Private Prisons: How the Industry Sells Such a Bad Product

November 21st, 2011 Posted in Prison Reform, Privatization of Prisons, Uncategorized
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By Kirsten Bokenkamp
Communications Coordinator

There is no evidence that increased criminal penalties and stiffer sentences benefit society or lower crime rates.  In fact, as Texas has shifted away from incarcerating non-violent offenders, serious crimes have declined.  This is something the private prison industry doesn’t want the public to know and the industry has developed ways both to advocate for locking up more people for longer periods of time and for convincing some lawmakers that private prisons are the best place to put these prisoners.

The ACLU Banking on Bondage report dedicates a section to exploring how the industry markets its product.  As the report explains, not every private prison company is guilty of all these tactics, but overall the impact is powerful enough to undermine smart-on-crime solutions to over incarceration.

  • Questionable Financial Incentives

Money is power, and the report cites instances of legislators and other government officials accepting financial incentives from the private prison industry. For example, in Pennsylvania, a county judge who was responsible for skyrocketing rates of imprisoned juveniles was found guilty of racketeering, money laundering, and conspiracy in connection with his acceptance of $1 million from the developer of a private juvenile facility that was benefiting from increased juvenile sentencing.

  • The Revolving Door Between Public and Private Corrections

A large number of private prison industry employees were previously employed by state corrections.  As the report documents, this has resulted in some private facilities not being scrutinized by the government departments that are charged with overseeing them.   In one of the more egregious cases the report highlights, a West Texas juvenile facility run by The GEO Group, Inc was awarded a 97.7% grade for overall compliance. An independent review of the facility found that “cells were filthy, smelled of feces and urine, and were in need of paint…[and] water leaks [were] numerous throughout the facility, creating an unsanitary and unsafe environment for all youth and staff.”  The independent auditors actually left the facility with large amounts of fecal material on their shoes.  The review found that some of the state-employed monitors of this facility had recently worked for GEO before changing positions.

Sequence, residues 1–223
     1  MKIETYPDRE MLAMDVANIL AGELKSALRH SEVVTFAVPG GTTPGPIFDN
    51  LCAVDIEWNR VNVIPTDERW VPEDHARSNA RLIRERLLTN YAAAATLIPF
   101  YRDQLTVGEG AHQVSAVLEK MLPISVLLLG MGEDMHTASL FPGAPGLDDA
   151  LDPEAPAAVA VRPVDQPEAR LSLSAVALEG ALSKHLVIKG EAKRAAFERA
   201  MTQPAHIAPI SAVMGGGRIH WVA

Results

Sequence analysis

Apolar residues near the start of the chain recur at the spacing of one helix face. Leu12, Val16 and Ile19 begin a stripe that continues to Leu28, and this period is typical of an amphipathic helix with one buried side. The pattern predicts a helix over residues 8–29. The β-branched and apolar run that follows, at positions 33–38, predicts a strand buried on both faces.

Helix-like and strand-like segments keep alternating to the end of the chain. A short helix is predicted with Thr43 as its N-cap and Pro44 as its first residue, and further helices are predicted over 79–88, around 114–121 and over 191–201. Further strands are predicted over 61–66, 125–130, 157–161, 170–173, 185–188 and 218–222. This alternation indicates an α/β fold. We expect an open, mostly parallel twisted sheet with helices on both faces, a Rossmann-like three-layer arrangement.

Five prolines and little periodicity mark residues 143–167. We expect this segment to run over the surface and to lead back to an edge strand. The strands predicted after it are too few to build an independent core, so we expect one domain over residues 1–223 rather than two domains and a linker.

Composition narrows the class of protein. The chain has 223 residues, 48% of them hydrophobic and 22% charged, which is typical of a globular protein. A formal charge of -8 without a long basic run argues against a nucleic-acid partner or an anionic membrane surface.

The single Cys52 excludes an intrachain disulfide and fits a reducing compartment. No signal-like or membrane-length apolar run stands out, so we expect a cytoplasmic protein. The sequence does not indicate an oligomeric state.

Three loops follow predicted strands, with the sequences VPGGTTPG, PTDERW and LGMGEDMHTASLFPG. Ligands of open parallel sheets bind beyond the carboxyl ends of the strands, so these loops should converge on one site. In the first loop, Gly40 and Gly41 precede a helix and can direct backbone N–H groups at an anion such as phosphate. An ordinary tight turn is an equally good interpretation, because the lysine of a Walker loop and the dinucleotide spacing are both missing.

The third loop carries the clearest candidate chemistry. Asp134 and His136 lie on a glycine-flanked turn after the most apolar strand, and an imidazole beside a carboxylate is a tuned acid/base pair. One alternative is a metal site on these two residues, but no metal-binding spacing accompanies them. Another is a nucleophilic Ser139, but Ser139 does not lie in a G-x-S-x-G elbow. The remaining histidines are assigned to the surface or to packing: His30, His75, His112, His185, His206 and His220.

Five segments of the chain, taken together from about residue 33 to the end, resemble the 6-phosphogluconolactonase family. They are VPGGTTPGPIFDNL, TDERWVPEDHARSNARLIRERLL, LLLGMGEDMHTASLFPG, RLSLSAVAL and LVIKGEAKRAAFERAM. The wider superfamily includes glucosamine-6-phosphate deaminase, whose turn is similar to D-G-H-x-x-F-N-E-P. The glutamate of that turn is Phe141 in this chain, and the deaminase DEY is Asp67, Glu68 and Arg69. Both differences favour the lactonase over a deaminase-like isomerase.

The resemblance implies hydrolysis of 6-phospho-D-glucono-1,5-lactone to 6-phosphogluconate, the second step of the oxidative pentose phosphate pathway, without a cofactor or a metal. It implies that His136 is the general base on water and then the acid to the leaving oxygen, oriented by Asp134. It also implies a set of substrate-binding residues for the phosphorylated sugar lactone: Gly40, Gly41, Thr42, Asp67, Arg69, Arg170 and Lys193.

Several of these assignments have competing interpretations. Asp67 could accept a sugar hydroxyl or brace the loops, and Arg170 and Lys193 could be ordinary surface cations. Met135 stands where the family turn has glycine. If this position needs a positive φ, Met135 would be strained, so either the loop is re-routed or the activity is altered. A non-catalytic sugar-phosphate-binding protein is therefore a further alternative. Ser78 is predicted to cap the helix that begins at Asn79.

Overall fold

• The Private Prison Lobby

The private prison industry heavily lobbies both state and federal governments.  For example, the report finds that between 1999 and 2009, Corrections Corporation of America (CCA), the largest private prison corporation, spent over $18 million on federal lobbying alone.   Many companies also hire lobbyists to influence various state governments. Furthermore, the report shows that the American Legislative Exchange Council (ALEC), a group that brings together state legislators and private corporations, drafted successful legislation designed to promote mass incarceration at the state level. CCA had a major role in the development of this legislation.

  • Campaign Contributions

It doesn’t stop with lobbying – the private prison industry spends massive amounts of money on campaign contributions.  The report shows that since 2000, the leading private prison companies have contributed more than $6 million to candidates for state office.  CCA and GEO also have their own political action committees.

  • Control of Information

Maintaining a positive public image is of utmost importance to any successful industry and the private prison industry is no different. They have well-done websites that highlight their “good” work and hire communications firms to write puff pieces that highlight awards, charity events, and a shining (but not representative) example of how they care about the well-being of prisoners. Not surprisingly, negative reports – about cases of sexual abuse or violence in facilities, for example – rarely get communicated to the public. Furthermore, private prisons are not held to the same open government standards as their public competitors, which means that it can be near impossible to get information about what is actually going on behind private prison walls. CCA has even blocked information from a group of concerned shareholders.

It is incredible that a policy so important to society – how we deal with offenders – is shaped more by the power of money, lobbying, and public relations than justice or community standards. Next week’s blog on the Banking on Bondage report will examine the false claims of cost savings and safety promises the private prison industry uses to sell its wares.

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